Pennsylvania woman charged with murder after daughter dies of fentanyl overdose

A Pittsburgh woman has been charged with murder after police found that her toddler had died after drinking from a sippy cup that had been contaminated with a narcotic known as fentanyl.

Jhenea Pratt, a 23-year-old East Hills resident, was arrested on Friday in connection with the death of her 17-month-old daughter in April. Pratt will be held in Allegheny County jail as she faces charges of criminal homicide and endangering the welfare of a child.

Mom charged with death of daughter

Pratt’s daughter, Charlette Napper-Talley, was found unconscious by police who responded to a 911 call on April 5. They discovered a pink sippy cup on the toddler’s bed with a red liquid inside.

Medics rushed the girl to Children’s Hospital in Pittsburgh, where she died. An autopsy showed that a lethal dose of fentanyl was in her blood, and the sippy cup also tested positive for the narcotic.

On Friday, the Allegheny County medical examiner’s office listed the girl’s death as a homicide.

Suspicious drink leads to child’s death

Pratt has said she has no clue how fentanyl got in the cup. According to investigators, Pratt’s boyfriend, Albert Williams, was supervising the child while Pratt attended class at a local community college earlier on the day of Charlette’s death.

According to the local news outlet Trib Live, “Williams told police that at around noon he fed the girl and used the sippy cup to give her a soft drink that was in the refrigerator.” He then picked up Pratt from school before leaving both Pratt and Charlette at home around 2 p.m., when he allegedly went to purchase marijuana.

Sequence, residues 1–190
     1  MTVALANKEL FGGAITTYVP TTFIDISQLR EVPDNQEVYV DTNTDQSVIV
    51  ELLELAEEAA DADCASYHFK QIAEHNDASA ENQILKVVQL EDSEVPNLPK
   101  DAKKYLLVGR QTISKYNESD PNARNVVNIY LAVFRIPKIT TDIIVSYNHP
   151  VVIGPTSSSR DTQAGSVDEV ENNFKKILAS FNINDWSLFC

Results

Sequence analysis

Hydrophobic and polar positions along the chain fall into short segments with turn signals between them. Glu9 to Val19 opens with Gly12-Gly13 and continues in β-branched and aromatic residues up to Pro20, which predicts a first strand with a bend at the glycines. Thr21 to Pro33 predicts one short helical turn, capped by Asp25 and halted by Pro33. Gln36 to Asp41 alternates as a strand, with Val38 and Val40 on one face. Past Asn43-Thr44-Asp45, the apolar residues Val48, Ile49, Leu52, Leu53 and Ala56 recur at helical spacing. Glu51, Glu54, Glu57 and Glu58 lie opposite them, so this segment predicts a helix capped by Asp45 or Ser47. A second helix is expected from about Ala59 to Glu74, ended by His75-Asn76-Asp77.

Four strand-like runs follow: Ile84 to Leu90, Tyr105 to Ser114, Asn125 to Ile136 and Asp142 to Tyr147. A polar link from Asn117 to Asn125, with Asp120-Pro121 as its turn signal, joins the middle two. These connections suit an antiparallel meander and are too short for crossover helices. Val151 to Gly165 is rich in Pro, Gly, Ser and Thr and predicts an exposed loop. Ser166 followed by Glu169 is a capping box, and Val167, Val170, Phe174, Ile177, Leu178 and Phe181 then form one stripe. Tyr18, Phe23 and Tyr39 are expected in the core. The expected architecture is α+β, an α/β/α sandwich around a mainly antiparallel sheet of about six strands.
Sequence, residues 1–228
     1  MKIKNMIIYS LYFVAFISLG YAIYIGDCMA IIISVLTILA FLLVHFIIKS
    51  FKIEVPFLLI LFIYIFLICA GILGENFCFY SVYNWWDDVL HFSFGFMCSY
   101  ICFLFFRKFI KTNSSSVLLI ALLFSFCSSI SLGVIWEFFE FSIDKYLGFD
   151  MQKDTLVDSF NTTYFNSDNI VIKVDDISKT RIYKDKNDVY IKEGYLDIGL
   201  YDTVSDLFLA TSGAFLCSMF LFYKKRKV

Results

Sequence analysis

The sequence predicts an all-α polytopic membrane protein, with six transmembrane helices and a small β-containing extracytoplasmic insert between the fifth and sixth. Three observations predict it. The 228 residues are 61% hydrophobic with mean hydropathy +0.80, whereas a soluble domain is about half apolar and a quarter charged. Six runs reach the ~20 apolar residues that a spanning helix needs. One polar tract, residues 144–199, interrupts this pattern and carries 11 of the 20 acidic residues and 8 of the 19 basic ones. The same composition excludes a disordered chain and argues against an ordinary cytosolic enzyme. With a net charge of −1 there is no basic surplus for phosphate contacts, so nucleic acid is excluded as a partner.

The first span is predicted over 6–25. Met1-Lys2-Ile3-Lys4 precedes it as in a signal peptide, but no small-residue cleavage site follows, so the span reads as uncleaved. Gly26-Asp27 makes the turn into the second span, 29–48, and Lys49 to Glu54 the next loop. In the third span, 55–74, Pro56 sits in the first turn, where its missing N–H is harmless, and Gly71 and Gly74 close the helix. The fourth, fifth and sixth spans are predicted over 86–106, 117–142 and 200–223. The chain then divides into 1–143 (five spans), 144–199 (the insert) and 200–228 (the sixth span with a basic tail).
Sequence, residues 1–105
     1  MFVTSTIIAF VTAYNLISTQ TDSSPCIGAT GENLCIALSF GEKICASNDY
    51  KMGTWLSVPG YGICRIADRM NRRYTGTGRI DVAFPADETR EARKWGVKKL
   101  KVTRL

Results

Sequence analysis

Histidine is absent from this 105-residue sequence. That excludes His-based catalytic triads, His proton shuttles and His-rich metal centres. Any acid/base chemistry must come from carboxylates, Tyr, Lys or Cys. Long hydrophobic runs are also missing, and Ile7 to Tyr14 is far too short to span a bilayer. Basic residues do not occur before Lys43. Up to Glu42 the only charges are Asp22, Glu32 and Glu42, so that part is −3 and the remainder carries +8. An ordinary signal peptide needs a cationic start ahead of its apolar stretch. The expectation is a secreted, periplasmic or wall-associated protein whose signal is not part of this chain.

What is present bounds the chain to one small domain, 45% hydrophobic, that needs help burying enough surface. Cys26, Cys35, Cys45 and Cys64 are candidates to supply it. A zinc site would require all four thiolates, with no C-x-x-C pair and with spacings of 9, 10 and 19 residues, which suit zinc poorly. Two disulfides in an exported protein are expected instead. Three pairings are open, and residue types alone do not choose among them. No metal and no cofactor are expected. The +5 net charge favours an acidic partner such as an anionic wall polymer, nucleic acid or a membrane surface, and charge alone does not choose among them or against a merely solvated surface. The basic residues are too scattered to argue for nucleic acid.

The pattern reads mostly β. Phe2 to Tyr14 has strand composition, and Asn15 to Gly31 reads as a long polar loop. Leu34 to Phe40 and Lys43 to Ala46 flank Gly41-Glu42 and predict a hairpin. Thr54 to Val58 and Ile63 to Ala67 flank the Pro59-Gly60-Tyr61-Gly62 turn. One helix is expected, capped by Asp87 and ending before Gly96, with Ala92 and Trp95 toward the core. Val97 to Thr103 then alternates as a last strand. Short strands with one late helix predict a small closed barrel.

Trib Live went on to report that “when investigators asked Pratt if she had placed anything in her daughter’s cup after Williams left, she responded, ‘not to my knowledge, no.'” Pratt told police she found the sippy cup and gave it to her daughter, but she wasn’t sure if the liquid in the cup was the same liquid that Williams gave Charlette.

Pratt said the liquid was “the same color as the happy drink that was in the fridge.”

Suspect only one home at time

Pratt reportedly smoked marijuana and checked on her daughter an hour later, when she found Charlette unresponsive. Investigators said that the fentanyl must have been put in the sippy cup after Williams gave her the drink before noon because the girl “would have died very shortly after ingesting [fentanyl].”

“Jhenea Pratt was the only person present during the afternoon hours that was with Charlette,” the affidavit said.

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The couple denied using, storing, or transporting fentanyl or heroin. Pratt told investigators the fentanyl might have gotten into the cup from a fruit-flavored drink that “tasted funny to her.”

Fentanyl has been attributed to a spate of overdose deaths in Pennsylvania and the U.S. as part of the broader opioid epidemic affecting communities across the country.

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